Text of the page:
miRNAs are small noncoding RNA molecules (19–25 nucleotides) that participate in epigenetic regulation at the posttranscriptional level. Genes that contain miRNAs can be located in intergenic areas, in which the regulation of their expression is produced by their own elements, or in intronic or exonic regions, in which the expression of the miRNA is closely related to the expression of the gene in question. The miRNA can act by degrading the mRNA if there is total complementarity or by repressing translation if the complementarity is partial. Because most of the target sites in the mRNA have only partial base complementarity with each miRNA, the same miRNA can interact with more than 100 different mRNAs. Furthermore, each mRNA can contain multiple binding sites for different miRNAs, giving rise to a complex regulatory network of gene expression.
miRNAs have been stably detected in different body fluids, including plasma, and are mainly transported in exosomes or microvesicles, which are associated with proteins (such as Argonaute RISC catalytic component 2 (Ago2) or nucleophosmin 1 (Npm1)), lipoproteins, and even apoptotic bodies. This suggests that circulating miRNAs would be secreted in a regulated manner in response to a stress situation, thus acting as a true intercellular communication system, regulating gene expression and the phenotype of receptor cells. In addition, they can be passively released by damaged or necrotic cells and could not be degraded by RNAses present in plasma [72].
The alteration of the expression values of miRNAs directly affects the expression of their target mRNAs; therefore, miRNAs are considered potentially causative elements of disease. Extracellular miRNAs, like their intracellular forms, are expressed in cardiomyocytes, fibroblasts, endothelial cells, and vascular smooth muscle cells; they control many of the aspects of the biology of the cardiovascular system, such as cardiac remodeling and fibrosis, apoptosis, inflammation, proliferation, angiogenesis, and metabolism. Circulating miRNAs are useful biomarkers in clinical practice due to their biological and physicochemical properties. They are highly stable, can be obtained using minimally invasive techniques, and can originate from necrotic cells or be actively secreted from living cells. The circulating miRNA profile can be highly specific depending on the tissue and the disease; it can also be altered in situations of cellular stress and pathophysiological conditions and have a long half-life within the sample [73].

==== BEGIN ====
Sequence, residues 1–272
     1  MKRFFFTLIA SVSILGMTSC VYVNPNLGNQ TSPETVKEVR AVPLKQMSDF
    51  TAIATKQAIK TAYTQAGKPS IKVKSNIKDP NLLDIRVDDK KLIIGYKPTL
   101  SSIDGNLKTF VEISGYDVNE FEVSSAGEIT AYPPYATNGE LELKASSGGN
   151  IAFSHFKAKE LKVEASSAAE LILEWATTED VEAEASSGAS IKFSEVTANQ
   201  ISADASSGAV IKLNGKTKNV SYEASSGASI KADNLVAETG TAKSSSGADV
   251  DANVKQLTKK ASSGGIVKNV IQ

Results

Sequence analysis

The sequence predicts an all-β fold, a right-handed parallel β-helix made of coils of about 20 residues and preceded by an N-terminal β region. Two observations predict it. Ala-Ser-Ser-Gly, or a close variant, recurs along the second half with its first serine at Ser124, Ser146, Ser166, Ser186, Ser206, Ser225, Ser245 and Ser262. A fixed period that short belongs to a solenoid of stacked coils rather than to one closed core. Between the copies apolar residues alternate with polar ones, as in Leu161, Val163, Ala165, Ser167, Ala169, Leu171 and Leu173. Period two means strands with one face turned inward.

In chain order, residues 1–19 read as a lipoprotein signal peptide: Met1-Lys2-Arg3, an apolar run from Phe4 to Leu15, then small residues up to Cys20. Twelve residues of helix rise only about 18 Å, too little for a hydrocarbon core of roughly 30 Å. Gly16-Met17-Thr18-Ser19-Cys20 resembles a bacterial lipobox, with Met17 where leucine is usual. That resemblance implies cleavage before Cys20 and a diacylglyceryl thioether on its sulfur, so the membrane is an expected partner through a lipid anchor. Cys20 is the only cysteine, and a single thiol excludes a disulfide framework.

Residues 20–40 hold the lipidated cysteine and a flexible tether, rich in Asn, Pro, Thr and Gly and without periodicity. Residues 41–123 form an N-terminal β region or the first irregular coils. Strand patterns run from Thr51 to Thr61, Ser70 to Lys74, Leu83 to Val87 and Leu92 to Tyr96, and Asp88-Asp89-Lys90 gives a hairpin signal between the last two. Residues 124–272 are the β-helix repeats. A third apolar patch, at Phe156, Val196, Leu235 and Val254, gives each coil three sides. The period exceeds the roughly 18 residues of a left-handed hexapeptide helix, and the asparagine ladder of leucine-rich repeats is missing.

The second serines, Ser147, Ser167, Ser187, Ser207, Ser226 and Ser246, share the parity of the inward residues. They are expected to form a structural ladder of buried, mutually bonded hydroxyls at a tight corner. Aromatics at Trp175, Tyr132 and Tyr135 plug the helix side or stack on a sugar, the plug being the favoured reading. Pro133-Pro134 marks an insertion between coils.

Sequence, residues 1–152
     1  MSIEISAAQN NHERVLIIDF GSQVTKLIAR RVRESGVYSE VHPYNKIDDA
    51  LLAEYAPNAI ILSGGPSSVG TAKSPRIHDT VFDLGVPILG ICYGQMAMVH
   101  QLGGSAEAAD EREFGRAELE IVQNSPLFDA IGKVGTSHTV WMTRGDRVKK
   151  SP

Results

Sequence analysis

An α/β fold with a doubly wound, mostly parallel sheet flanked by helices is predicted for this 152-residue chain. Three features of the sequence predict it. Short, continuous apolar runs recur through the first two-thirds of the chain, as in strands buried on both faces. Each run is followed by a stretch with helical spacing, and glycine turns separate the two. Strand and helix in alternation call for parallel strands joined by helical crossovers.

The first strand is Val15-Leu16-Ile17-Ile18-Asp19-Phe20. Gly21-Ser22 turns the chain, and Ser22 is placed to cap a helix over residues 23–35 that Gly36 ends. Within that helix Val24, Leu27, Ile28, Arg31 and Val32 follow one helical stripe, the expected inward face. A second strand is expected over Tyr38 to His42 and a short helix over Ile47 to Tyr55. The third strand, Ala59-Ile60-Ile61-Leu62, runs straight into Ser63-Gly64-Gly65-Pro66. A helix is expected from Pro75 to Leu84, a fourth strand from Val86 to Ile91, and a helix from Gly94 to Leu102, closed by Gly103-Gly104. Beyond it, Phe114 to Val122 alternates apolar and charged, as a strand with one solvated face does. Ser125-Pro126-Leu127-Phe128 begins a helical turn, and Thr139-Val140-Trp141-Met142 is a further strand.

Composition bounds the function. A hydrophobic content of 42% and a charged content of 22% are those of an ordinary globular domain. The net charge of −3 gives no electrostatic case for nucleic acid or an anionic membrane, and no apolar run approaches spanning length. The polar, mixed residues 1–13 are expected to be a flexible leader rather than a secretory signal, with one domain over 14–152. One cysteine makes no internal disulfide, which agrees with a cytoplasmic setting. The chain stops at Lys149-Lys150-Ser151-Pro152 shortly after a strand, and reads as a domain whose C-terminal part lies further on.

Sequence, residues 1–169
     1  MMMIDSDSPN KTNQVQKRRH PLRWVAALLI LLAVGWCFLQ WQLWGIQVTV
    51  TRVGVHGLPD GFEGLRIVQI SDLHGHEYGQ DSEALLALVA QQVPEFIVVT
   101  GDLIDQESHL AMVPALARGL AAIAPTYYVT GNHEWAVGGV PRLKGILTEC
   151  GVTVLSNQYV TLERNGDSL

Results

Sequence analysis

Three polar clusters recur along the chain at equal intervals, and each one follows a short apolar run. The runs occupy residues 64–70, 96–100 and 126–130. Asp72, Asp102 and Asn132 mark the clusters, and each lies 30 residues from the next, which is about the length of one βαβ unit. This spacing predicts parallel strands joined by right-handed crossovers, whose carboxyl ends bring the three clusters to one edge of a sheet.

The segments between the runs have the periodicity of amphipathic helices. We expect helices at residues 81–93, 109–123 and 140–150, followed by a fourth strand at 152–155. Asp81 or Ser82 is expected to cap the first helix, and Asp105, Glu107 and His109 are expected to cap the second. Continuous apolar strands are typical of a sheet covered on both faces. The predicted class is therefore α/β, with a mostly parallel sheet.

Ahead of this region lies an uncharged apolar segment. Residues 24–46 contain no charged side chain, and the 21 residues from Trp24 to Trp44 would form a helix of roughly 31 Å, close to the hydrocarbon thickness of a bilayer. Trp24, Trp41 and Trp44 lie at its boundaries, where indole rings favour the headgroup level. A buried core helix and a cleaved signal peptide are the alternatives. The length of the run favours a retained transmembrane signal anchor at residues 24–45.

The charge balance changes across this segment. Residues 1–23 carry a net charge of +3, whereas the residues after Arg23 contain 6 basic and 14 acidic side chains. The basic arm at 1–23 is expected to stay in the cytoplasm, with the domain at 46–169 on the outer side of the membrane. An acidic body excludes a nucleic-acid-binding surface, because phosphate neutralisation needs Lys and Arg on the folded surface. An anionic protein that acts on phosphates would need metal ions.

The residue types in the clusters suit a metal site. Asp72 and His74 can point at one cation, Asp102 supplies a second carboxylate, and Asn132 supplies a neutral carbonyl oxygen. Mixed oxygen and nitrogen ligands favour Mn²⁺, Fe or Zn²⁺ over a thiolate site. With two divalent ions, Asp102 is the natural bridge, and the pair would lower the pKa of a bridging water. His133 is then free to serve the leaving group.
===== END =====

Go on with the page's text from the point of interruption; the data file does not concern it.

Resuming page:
Alterations in the expression of miRNAs are present in almost all cardiovascular diseases, such as in the development of ventricular hypertrophy, heart failure, and other conditions, including arterial hypertension. An example of this is miR-155, which regulates the expression of the miRNA receptor type 1 angiotensin II, which is positively related to blood pressure [74]; although other miRNAs associated with arterial hypertension have also been reported (Table 1). Similarly, in periodontal disease, miRNAs exert control over aspects of innate and adaptive immunity. As proof of this, miR-15a, miR-29b, miR-125a, miR-146a, miR-148/148a, and miR-223 were found to be upregulated as a result of periodontal disease in both human and mouse studies, while miR -92 was downregulated [75]; this constitutes examples of different miRNAs reported in the literature associated with periodontitis (Table 2). However, to date, there are no miRNA studies that link arterial hypertension with periodontitis.
Table 1. MicroRNAs related to arterial hypertension.
Table 2. MicroRNAs related to periodontitis.